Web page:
Human resources departments aren’t providing their companies enough support for employees, talent recruitment, learning and development, and succession planning – according to a study by a global strategic-consulting firm.

The study by The Hackett Group is entitled, “Cracks in the Foundation: Closing the Critical Skills Gap Undermining Business Capabilities.”

Its 2012 study concludes that finance, information technology, procurement and HR are all suffering from a shortfall in skills and talent.

black male female colleaguesHR functions

The research included six HR functions:

1. Workforce planning and succession

2. Collaboration/knowledge sharing

3. Retention

4. Managing performance

5. Learning and development

6. Recruiting and staffing

Management complained, on average, that HR is only providing “talent-management support” less than 35 percent of the time.

Another complaint: HR departments only deliver a comprehensive level of needed service less than 35 percent of the time.

Similar studies

The Hackett Group’s research echoes other 2012 studies:

— HR firm Kenexa reported a big schism exists between what human resources professionals think they know about their workforce and what employees actually believe. In other words, there’s big gap in HR perceptions vs. reality.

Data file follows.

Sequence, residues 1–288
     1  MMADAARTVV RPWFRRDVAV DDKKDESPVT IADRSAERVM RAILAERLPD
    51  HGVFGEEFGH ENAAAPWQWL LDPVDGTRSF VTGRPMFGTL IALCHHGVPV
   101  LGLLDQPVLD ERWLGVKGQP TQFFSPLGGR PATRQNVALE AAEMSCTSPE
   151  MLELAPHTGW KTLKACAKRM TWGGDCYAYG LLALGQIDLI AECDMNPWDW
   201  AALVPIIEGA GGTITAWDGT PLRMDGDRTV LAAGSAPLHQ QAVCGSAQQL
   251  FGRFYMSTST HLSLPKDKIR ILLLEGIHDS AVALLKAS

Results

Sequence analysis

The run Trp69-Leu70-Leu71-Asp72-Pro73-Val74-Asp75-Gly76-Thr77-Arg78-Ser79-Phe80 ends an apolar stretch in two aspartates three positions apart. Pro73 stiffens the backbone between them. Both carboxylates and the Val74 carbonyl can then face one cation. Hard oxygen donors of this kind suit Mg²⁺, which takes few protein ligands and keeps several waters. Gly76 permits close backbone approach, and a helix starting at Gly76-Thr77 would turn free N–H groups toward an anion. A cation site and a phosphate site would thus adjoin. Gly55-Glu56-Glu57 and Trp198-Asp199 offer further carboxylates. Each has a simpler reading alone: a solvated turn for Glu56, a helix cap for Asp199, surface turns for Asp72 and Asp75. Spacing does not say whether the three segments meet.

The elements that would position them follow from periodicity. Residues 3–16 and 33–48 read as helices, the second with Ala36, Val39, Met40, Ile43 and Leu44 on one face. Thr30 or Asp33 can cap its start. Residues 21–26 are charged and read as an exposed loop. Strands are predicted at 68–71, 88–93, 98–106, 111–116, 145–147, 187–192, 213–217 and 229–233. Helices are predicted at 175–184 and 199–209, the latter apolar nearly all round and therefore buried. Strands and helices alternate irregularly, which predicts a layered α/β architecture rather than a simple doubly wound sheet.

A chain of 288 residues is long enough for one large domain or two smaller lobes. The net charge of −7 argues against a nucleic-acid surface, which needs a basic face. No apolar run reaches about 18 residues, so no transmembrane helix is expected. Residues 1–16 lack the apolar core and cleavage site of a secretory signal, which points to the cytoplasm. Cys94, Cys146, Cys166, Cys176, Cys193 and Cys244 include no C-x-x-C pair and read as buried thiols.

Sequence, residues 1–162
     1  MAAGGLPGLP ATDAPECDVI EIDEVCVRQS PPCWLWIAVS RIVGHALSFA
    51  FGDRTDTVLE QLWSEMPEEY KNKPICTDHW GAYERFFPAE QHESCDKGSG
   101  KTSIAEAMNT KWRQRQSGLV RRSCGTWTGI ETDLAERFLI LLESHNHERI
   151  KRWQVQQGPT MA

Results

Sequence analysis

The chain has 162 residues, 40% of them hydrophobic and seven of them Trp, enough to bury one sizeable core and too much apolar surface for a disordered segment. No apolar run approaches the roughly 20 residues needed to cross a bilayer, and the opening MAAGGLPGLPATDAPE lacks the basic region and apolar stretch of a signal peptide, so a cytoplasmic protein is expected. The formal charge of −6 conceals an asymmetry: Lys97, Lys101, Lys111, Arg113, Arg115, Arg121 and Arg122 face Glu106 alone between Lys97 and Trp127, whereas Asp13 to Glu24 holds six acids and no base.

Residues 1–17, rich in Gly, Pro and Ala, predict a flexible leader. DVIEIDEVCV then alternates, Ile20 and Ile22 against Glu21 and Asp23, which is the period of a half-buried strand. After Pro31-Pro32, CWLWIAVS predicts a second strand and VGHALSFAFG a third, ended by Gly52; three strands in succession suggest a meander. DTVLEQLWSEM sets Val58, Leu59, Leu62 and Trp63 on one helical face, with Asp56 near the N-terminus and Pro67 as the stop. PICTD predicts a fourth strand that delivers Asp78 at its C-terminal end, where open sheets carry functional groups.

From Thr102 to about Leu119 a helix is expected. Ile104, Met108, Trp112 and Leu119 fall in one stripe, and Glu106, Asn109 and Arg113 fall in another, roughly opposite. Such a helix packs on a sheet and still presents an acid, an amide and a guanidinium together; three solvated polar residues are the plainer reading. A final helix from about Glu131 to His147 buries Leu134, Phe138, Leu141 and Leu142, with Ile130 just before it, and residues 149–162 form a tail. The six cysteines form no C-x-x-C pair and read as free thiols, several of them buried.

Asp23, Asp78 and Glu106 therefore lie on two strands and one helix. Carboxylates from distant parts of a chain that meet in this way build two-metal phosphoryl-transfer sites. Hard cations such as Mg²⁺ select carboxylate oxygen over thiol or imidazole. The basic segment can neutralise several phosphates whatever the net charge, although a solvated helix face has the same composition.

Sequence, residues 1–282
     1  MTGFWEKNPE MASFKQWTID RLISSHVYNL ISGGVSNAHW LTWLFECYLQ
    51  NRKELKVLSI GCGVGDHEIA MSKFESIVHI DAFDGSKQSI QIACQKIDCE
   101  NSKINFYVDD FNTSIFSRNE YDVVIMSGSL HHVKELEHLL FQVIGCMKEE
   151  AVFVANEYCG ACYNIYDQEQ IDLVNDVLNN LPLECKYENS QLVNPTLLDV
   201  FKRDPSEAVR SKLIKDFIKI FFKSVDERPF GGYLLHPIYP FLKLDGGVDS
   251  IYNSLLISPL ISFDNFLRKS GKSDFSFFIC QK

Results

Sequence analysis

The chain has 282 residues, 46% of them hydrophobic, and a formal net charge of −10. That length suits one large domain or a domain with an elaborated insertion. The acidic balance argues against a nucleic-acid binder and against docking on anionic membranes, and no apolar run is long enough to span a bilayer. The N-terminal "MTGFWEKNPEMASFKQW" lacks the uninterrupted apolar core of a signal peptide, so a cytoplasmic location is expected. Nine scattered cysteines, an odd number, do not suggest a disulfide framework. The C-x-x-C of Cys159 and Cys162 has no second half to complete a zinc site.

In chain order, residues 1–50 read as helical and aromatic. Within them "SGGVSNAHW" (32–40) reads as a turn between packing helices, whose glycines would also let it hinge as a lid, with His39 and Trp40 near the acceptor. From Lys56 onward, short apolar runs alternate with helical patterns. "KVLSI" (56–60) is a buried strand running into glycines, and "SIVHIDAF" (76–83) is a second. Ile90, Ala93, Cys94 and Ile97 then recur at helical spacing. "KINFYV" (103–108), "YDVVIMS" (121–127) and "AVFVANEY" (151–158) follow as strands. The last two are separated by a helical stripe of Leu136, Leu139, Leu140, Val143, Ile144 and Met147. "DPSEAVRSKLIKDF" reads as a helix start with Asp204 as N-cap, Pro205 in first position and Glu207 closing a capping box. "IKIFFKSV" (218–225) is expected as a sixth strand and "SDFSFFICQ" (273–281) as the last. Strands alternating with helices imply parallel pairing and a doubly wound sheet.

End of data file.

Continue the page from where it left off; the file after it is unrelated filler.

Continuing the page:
— Human resource professionals are holding both themselves and their employers back, according to global management consultants, the Hay Group. The firm reported that HR pros fall short as “strategic business partners”.

“At most companies, business services functions were badly weakened by across-the-board cuts during the recent recession,” said The Hackett Group Global HR Practice Leader Harry Osle. “Underinvestment in talent has created deficits in important skills such as business acumen, strategic thinking and analysis, change management, and process improvement capabilities.”

He also said management and HR aren’t collaborating.

“This is a dangerous situation with the potential to cripple companies that don’t address it quickly,” he added. “While these business services functions are often considered cost-centers, they provide key services that enable companies to manage and optimize assets ranging from cash, capital and talent to technology and product/service inputs.”

Additional concerns

There’s additional management dissatisfaction most of the time with HR:

  • Talent management service –  nearly 70 percent of the time
  • Collaboration and knowledge sharing – dissatisfied or very dissatisfied – 79 percent
  • Retention – dissatisfied or very dissatisfied – 70 percent

Eighteen percent o f the companies said HR delivered adequate proficiency in collaboration and knowledge sharing.

The bright spot: Thirty-three to 47 percent of companies expressed satisfaction in the level of HR services in workforce planning, performance

“Today’s changing business environment requires that business services organizations retool and radically change their mix of staff to improve their ability to directly impact on business performance,” said The Hackett Group Chief Research Officer Michel Janssen. “Talent management is key, and business services can’t accomplish this without strong and effective support from HR.”